Philips and University of Malaya to establish centre for sleep
23 January 2012
South East Asia’s first excellence centre for sleep disorders
will be established at the University of Malaya Specialist Centre (UMSC)
in collaboration with Philips Malaysia. The centre is scheduled to open
in July this year.
The ASEAN Sleep Research & Competence Centre (ASRCC) will focus on
driving awareness and early diagnosis of sleep disorders through
clinical research, training, and a full spectrum of sleep medicine
The ASRCC will constitute four sub-sections: Training Academy,
Clinical Research Centre, Tele-medicine Centre, and Corporate
- Training Academy: Sleep medicine training
by the ASRCC will be recognized by hospitals worldwide, as it
will be conducted by a global faculty and based on the global
standards by the American Society of Sleep Medicine. The
training sub-section of the ASRCC aims to increase the number of
trained sleep specialists in the region.
- Clinical Research Centre: The ASRCC will be
involved in clinical research to improve the understanding sleep
disorders from an Asian perspective. Patient-oriented product
and application research will also be conducted through this
- Tele-Medicine Centre: Asia needs more
trained specialists and facilities for sleep disorders, as this
field of medicine that is still developing. To overcome this, a
Tele-medicine centre will be set up that will help to meet the
needs of more patients across far flung areas. The hub will
provide sleep consultation across ASEAN through a centralized
hub for sleep reports scoring, analysis and patient management.
- Corporate Services Centre: To raise
awareness of sleep disorders and its link to employee
productivity, the corporate services sub-section of the ASRCC
will offer corporate packages for sleep disorder screening and
Professor Dato’ Amin Bin Jalaludin, Chief Executive Officer,
University of Malaya Specialist Centre, said, “We often forget to
acknowledge the role of a good night’s sleep and its effect on our
health. Research has shown that the quality and amount of sleep we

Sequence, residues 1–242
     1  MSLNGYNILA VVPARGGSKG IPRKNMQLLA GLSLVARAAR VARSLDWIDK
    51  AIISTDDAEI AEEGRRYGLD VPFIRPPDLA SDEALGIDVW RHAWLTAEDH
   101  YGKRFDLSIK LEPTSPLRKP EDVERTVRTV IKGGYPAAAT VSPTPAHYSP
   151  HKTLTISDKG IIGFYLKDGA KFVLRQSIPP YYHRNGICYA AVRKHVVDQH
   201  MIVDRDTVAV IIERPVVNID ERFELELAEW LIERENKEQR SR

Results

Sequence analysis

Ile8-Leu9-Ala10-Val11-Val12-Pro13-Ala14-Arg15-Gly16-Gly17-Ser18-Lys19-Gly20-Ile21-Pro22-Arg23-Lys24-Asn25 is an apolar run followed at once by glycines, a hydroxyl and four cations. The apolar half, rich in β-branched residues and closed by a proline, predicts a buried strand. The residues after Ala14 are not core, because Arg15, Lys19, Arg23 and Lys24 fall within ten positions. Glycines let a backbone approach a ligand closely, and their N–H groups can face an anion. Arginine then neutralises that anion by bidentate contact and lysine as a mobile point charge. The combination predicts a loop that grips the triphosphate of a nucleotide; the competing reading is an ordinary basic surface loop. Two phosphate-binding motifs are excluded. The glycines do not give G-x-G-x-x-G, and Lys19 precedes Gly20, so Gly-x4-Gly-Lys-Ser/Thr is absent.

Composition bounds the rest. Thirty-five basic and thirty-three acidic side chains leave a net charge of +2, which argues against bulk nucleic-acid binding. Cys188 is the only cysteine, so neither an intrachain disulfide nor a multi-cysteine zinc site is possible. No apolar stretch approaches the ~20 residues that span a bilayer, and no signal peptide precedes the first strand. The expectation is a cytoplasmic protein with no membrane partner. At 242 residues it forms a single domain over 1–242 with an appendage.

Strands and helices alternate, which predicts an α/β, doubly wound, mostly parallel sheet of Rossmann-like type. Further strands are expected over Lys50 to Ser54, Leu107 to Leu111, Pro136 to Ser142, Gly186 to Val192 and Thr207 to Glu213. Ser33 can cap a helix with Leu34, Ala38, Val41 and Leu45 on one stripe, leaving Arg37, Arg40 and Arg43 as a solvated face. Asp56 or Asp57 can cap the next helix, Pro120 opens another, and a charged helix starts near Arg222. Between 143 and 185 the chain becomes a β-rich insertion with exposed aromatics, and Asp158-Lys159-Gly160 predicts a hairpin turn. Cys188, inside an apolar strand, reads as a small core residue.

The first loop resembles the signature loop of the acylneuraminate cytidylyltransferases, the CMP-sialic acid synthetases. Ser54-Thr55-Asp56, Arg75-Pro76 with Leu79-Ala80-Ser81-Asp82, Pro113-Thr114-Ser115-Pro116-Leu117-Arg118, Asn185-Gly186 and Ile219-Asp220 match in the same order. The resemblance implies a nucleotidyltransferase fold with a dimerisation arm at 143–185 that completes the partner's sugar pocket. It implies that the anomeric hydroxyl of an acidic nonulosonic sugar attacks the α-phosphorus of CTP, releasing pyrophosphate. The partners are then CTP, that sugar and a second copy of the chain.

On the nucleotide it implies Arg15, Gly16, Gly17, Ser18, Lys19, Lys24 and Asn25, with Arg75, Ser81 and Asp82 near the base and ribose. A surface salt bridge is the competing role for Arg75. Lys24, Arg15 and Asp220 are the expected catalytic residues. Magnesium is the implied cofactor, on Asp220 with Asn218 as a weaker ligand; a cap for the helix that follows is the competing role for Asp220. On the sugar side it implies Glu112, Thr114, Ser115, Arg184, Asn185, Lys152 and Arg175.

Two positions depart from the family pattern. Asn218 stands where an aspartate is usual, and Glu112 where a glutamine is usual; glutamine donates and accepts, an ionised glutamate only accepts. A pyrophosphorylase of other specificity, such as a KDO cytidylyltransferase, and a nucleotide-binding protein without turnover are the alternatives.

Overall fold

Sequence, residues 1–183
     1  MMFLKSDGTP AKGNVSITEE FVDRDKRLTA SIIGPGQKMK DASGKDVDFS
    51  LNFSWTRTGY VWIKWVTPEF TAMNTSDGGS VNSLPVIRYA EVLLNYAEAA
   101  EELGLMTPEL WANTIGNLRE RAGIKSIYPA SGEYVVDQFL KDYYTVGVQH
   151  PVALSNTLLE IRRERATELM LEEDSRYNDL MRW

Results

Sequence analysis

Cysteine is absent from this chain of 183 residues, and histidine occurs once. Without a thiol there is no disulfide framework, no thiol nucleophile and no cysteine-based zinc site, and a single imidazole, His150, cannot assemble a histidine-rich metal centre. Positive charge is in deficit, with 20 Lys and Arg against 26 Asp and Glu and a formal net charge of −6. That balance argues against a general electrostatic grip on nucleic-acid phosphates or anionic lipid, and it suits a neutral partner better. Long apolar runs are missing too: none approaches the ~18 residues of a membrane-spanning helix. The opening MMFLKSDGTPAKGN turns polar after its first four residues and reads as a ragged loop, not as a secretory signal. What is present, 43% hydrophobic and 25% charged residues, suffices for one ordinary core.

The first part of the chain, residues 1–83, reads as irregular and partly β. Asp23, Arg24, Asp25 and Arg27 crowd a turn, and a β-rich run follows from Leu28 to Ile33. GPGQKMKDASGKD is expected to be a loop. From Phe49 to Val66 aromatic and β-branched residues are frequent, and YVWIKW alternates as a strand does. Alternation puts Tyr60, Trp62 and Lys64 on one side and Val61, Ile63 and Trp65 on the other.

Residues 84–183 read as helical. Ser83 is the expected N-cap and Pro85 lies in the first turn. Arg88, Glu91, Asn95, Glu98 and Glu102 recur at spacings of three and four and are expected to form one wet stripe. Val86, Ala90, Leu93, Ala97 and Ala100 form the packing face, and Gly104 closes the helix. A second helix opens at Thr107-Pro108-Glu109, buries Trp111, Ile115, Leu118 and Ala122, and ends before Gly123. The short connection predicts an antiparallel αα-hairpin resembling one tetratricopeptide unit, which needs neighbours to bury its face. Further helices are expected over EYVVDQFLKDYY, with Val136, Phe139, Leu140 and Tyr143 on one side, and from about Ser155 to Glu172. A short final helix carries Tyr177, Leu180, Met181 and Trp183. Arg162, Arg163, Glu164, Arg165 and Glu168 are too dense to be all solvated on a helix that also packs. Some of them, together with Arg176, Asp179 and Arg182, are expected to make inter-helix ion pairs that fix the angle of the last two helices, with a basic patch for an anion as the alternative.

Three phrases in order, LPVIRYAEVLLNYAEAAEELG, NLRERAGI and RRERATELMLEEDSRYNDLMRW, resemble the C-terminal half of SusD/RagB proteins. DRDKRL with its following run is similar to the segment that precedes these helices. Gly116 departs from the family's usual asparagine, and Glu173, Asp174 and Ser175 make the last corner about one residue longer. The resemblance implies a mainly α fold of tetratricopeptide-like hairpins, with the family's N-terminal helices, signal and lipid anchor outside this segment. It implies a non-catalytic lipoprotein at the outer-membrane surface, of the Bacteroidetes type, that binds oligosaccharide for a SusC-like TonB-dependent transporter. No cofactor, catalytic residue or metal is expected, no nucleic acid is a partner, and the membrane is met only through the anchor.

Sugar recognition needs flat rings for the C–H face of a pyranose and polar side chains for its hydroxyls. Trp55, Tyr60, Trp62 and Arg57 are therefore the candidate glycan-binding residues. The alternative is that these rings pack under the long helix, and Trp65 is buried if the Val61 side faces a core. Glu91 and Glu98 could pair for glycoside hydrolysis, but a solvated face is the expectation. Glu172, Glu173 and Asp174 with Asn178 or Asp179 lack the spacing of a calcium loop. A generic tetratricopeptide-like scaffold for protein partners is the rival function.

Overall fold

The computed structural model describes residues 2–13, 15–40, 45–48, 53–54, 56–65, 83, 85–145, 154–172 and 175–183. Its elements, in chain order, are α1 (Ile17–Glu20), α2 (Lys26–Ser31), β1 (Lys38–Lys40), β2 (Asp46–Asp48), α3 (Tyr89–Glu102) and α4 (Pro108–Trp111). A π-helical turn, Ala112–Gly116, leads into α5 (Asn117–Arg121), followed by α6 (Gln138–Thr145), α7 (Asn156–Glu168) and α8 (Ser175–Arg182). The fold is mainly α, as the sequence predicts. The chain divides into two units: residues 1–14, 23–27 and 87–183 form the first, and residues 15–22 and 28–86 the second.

have can affect our health, safety and productivity. The most common
of sleep disorders, Obstructive Sleep Apnea, is also closely linked
to other diseases. For example, moderate-to-severe OSA patients have
a three-fold increase in the risk of hypertension and a two-fold
increase in the risk of heart failure.
"As such, sleep disorders are a clear concern across different
fields of medicine. I believe the upcoming ASEAN Sleep Research &
Competence Centre may help hospitals across the region to provide
new levels of understanding and competencies in the diagnosis and
management of sleep disorders.”
According to a recent survey by Malaysian Institute of Road
Safety Research on 289 bus drivers, 44.3% were found to have sleep
disorders. Road accidents are one of the significant impacts from
OSA. Other sleep disorders such as Insomnia, Parasomnia, and
Narcolepsy also interfere with normal physical, mental and emotional
functioning causing people to become less productive at work,
irritable, depressed and sleepy behind the wheel while driving.
The ASRCC plans to open its doors for screening and management of
OSA for public vehicle drivers and work with the government for
drivers to undergo compulsory OSA screening. The ASRCC will focus on
all areas of sleep disorders, including Obstructive Sleep Apnea
(OSA), Insomnia and Narcolepsy.
“The upcoming ASEAN Sleep Research & Competence Centre is a great
example of a partnership that will improve the lives of patients
with sleep disorders. As a result, we believe that this will help to
relieve the healthcare costs on economies,” said Naeem Shahab Khan,
Managing Director of Philips Malaysia.
Sleep disorders in Asia
Sleep is the most under-diagnosed and least talked pillar of a
healthy lifestyle. The estimated prevalence of Sleep Disordered
Breathing (SDB) is 24% among men and 9% among women between the ages
of 30 and 60.
Increasing obesity in Asia especially in Malaysia, Philippines,
and Singapore is driving higher prevalence of OSA, which is the most
common disorder that is associated with SDB. 15.1% of Malaysia’s
adult population, or 2.5 million adults, are classified as obese.
Even though OSA was clinically recognized over 30 years ago,
awareness of this condition outside the field of sleep medicine has
been slow to develop2. In Asia, the prevalence of OSA among
middle-aged men is 4.1 to 7.5% and, 2.1 to 3.2% among middle-aged
women. Besides obesity, facial bone structure is also a major
contributor of OSA among Asians.